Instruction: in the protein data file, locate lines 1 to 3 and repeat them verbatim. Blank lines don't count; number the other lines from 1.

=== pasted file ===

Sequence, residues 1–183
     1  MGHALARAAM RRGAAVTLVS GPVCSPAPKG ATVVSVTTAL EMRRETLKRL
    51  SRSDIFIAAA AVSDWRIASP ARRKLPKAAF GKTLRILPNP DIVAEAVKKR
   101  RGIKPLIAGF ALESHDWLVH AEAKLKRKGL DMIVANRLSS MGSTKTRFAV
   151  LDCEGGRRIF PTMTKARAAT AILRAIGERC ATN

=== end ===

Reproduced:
Sequence, residues 1–183
     1  MGHALARAAM RRGAAVTLVS GPVCSPAPKG ATVVSVTTAL EMRRETLKRL
    51  SRSDIFIAAA AVSDWRIASP ARRKLPKAAF GKTLRILPNP DIVAEAVKKR